Omnibus is not omnipotent

Aviation International News » March 2004
March 28, 2007, 10:11 AM

The $328 billion omnibus spending bill passed by Congress to fund most federal agencies for the remainder of fiscal year 2004 (until September 30) failed to provide the $100 million authorized for general aviation businesses hurt by 9/11. But, as they say in the sports world, there’s always next year.

Although the recent FAA reauthorization–Vision 100–earmarked the money for GA relief, the 2004 omnibus appropriations bill did not provide the money to fulfill that particular vision. There is a chance for that to be corrected in the FY 2005 transportation appropriations process, but the outlook is not promising due to budget deficits and demands for the war on terrorism and the domestic agenda.

Unlike the FAA reauthorization bill, which runs through FY 2007, appropriations bills need to be approved annually. Authorization/reauthorization bills establish or continue the operation of a federal program or agency for either a specific or an indefinite period of time. While they also set spending guidelines, it is up to the powerful Appropriations Committee members to actually determine the monetary amounts.

The catchall omnibus bill provides funding for the FAA and other federal agencies, including FAA operations, facilities and equipment, research and development and airport improvement grant money. It also provides capital for new initiatives in the areas of aviation security, safety and FAA management reform.

The FAA is normally funded under the transportation appropriations bill, but this year it was lumped into the omnibus spending bill because Congress could not agree on seven of 13 appropriations bills for various government agencies that had been operating on last year’s budgets since October 1. The resulting $328 billion spending package added some provisions and deleted others, while larding the entire package with pork-barrel projects. But that’s another story.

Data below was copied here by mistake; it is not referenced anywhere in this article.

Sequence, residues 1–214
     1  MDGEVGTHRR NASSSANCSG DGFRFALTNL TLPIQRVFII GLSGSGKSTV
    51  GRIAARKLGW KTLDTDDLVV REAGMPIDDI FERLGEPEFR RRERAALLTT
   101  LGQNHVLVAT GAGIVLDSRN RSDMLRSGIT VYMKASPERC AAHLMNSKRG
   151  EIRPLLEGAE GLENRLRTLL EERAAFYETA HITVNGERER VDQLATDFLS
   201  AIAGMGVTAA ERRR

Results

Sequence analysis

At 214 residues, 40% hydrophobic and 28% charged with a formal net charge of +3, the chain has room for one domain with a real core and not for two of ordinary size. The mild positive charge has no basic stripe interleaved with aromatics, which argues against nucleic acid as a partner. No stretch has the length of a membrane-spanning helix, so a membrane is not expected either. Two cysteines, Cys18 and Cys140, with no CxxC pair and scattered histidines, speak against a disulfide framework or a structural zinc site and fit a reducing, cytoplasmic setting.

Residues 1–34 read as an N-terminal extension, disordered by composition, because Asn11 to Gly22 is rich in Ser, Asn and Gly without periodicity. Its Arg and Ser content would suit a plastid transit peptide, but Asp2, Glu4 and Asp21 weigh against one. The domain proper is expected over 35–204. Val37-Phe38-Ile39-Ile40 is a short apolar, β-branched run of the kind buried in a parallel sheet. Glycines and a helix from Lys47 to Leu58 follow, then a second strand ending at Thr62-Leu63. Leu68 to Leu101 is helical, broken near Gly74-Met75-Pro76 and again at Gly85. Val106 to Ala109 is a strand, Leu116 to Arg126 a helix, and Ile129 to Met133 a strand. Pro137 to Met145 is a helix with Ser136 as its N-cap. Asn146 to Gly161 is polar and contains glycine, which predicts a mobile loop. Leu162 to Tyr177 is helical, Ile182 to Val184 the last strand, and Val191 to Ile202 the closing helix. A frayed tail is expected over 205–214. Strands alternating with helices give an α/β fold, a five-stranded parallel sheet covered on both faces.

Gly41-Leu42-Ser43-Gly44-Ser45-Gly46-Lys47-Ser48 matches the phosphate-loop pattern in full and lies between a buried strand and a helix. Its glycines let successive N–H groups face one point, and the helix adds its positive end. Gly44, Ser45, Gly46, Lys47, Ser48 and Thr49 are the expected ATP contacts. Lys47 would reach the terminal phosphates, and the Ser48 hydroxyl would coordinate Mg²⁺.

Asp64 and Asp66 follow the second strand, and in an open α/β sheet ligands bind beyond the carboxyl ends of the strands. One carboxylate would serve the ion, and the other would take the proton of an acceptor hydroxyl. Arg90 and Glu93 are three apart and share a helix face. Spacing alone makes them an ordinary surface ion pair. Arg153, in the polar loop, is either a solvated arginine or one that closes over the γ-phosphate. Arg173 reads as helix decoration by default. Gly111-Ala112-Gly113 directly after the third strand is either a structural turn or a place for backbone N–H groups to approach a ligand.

One provision that rankled the National Air Transportation Association (NATA) was an extension on the ban on stadium flyovers, even though it permits the DOT to grant waivers or extensions for flights linked directly to the event, for broadcasters transmitting pictures from overhead or when a flyover is necessary to get an airplane to or from an airport. NATA said it is concerned about the banner-tower prohibition extension and its adverse effect on this segment of the aviation industry.

AOPA said it was pleased with the 2004 omnibus appropriations bill, even though it failed to provide any money for GA relief, which was included in the original transportation appropriations bill before it was folded into the giant spending measure.

“The bill fully funds the Airport Improvement Program, including $341 million for general aviation airports,” said Andy Cebula, AOPA senior v-p of government and technical affairs. “And AOPA’s hard work paid off because for the first time airports can use those funds for hangar construction.”

The bill also prohibits the FAA from spending any of this year’s money “to finalize or implement any regulation that would promulgate new aviation user fees,” and it contains $3 million for the FAA to continue to develop ILS-like GPS approaches at GA airports using the wide-area augmentation system (WAAS). Because of the benefits WAAS provides GA pilots, AOPA has pressed the FAA to continue its development and deployment, despite airline indifference.

The FAA appropriation also includes funding for the agency’s long-range Operational Evolution Plan (OEP), and it directs the FAA to ensure that enhancements benefiting GA are part of the OEP.

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